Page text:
We sat in the dark. No lights, electricity, phone, or computer. Life had come to a screeching halt. The late April snow caught me by surprise. Without power, I suddenly had almost nothing to do. I had stuff to do, sell some stuff on eBay, buy guitar supplies online, write about Thomas Edison... then it hit me. "What would the world be like without lights or a phone?" I thought. "If Thomas Edison had never lived, or he had never been an inventor, life could be like this all the time?" The "Wizard of Menlo Park" would leave a distinctive footprint on the sandy beaches of progress. Thomas Edison would accomplish great things, and leave valuable lessons behind for others to learn and benefit from.
As a young boy, Thomas was an entrepreneur. He started by selling newspapers on trains. Thomas also hired two boys to operate a periodical stand and sell the vegetables he grew in the family garden. Soon, he was printing his own newspaper, which he claimed had 250-750 readers at one time. That ended because of a chemical explosion in a boxcar, which was also where he printed his newspaper. Thomas would use these skills as an inventor/businessman.
Frequently awarded the title of "America's best inventor", Thomas Edison built a reputation through hard work and phenomenal accomplishments. He began inventing in 1867 at the age of 20. As a skilled telegraph operator, he invented a device to help him produce better work. For the next 10 years, Thomas Edison would focus his attention on inventing for the telegraph industry. Being a telegraph inventor would set the stage for the rest of his career, and give him experience that would fuel his journey to becoming an experienced inventor and American legend.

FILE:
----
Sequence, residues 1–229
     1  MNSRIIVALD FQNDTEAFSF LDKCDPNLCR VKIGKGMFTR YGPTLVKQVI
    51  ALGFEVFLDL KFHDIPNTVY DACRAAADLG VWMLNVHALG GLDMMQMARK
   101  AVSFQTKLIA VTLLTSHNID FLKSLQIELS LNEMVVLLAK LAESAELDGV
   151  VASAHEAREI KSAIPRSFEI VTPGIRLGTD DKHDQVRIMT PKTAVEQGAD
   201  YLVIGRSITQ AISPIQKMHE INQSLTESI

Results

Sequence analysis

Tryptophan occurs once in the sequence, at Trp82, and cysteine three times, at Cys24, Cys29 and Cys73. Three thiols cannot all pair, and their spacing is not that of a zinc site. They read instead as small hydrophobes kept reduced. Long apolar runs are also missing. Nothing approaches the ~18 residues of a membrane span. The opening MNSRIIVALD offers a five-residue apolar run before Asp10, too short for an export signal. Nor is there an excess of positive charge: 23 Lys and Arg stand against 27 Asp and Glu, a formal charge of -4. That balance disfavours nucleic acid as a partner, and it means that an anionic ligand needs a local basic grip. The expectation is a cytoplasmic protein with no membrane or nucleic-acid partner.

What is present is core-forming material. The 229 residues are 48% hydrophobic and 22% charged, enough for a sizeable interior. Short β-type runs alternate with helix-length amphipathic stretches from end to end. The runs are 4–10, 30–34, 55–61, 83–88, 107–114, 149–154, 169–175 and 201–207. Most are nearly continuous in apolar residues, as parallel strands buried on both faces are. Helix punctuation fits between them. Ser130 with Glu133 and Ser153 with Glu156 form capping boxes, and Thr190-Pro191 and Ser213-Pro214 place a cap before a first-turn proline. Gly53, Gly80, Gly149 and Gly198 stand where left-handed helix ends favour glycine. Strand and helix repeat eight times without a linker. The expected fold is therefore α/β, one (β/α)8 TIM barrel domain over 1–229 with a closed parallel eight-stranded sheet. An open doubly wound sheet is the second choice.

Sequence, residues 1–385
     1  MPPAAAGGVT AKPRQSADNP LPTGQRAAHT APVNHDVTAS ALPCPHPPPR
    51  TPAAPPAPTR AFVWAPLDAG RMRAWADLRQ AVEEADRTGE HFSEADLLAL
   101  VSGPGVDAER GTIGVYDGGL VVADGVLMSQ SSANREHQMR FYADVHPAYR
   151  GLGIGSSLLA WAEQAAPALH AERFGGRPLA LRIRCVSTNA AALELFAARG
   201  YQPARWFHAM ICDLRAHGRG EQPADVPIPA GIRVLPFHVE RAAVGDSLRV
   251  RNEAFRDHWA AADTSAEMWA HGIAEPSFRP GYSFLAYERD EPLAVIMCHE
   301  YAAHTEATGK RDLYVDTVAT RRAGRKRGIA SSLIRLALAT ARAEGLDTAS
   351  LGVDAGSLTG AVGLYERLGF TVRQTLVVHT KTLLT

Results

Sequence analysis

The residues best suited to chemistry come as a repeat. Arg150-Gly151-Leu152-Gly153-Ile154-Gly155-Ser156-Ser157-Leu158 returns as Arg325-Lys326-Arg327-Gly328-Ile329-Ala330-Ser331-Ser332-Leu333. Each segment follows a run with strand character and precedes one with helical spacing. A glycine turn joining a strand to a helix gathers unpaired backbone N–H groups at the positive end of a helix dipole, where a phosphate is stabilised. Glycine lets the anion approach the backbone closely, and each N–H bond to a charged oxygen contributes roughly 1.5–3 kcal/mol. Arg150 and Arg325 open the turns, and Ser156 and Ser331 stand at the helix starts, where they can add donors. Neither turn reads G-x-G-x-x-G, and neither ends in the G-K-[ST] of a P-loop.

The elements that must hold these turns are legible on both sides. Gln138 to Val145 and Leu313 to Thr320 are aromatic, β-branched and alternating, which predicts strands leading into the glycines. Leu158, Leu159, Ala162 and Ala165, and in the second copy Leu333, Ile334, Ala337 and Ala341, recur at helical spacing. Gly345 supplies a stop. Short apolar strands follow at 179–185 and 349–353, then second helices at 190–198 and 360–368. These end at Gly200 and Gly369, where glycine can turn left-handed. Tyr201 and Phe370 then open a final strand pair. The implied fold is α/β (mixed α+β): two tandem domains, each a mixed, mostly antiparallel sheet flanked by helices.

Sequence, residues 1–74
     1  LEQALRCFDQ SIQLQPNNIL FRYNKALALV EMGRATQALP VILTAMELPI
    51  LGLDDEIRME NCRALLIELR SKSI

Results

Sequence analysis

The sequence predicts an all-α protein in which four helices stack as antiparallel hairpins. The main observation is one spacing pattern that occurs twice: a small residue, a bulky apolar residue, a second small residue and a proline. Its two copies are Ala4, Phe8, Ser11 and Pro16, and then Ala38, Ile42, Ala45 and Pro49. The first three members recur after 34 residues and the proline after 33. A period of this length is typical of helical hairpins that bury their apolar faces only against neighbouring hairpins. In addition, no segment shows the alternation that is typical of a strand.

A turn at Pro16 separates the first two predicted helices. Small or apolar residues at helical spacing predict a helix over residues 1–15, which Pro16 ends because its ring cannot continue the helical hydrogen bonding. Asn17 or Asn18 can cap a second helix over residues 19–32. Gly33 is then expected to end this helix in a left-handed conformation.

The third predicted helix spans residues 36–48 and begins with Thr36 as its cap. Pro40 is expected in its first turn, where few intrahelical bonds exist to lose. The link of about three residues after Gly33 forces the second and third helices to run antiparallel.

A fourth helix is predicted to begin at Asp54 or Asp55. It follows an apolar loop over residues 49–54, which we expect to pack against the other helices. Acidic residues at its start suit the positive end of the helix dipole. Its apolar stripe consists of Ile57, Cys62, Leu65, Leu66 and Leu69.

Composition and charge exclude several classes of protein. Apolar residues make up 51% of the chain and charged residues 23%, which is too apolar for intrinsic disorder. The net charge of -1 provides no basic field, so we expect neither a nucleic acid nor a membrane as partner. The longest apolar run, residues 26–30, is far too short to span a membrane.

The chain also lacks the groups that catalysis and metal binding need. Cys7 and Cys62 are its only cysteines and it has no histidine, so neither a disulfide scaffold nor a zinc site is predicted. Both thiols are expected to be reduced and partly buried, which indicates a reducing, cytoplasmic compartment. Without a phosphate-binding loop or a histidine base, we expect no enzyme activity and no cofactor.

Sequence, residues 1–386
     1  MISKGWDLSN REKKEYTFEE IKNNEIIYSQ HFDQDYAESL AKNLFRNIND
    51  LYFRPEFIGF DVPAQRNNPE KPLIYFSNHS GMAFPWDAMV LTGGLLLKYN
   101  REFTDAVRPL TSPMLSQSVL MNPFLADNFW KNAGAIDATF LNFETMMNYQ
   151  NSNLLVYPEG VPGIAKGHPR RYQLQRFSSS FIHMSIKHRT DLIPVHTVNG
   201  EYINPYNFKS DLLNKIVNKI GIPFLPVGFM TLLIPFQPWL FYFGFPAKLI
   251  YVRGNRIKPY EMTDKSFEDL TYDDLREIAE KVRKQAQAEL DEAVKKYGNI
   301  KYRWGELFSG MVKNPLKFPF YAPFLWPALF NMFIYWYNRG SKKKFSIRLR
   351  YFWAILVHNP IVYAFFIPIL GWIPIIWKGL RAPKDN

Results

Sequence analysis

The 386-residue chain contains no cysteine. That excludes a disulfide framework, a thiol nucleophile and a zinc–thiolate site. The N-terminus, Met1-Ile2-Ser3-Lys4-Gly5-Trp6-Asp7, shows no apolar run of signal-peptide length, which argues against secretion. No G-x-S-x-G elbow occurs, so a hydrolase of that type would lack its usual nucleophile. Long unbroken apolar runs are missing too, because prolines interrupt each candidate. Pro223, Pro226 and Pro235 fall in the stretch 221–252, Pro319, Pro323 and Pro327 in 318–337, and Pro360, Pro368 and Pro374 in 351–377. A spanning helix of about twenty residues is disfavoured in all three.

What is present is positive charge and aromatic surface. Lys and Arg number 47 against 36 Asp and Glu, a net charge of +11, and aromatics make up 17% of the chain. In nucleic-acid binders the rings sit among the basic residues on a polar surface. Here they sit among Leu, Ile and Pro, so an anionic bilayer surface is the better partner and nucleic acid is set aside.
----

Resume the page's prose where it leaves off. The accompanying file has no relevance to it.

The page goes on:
1877 was year Thomas Edison burst into the public spotlight by revealing the phonograph to the world. He astonished the staff at the Scientific American by demonstrating the first device able to record sound. According to the chief editor of the magazine, "the machine inquired as to our health, asked how we liked the phonograph, informed us that it was very well, and bid us a cordial good night. These remarks were not only audible to ourselves but to a dozen or more persons gathered around, and they were produced by the aid of no other mechanism than the simple little contrivance explained and illustrated below."1 A machine capable of recording sound is no big deal in our technological age, but in 1877 the invention of the phonograph was a virtual earthquake to the scientific world. Newspaper articles and other publicity generated instant fame.
In one interview with a reporter from the New York Sun, Edison chatted about his expectations for the phonograph. "This is my baby and I expect it to be a big feller and support me in my old age." 2 Unfortunately for Edison, the phonograph never proved as profitable as he expected. A few people bought phonographs and demonstrated them at fairs and other public places. Edison received 20% of the profits. For a while, people willingly bought tickets to see the talking machine. But the novelty soon wore off and the device never achieved the commercial status that Edison anticipated. Even though the phonograph never made him as much money as he wanted, it definitely made him famous. The 30-year-old had become more than an inventor. Thomas Edison was now a celebrity and national hero.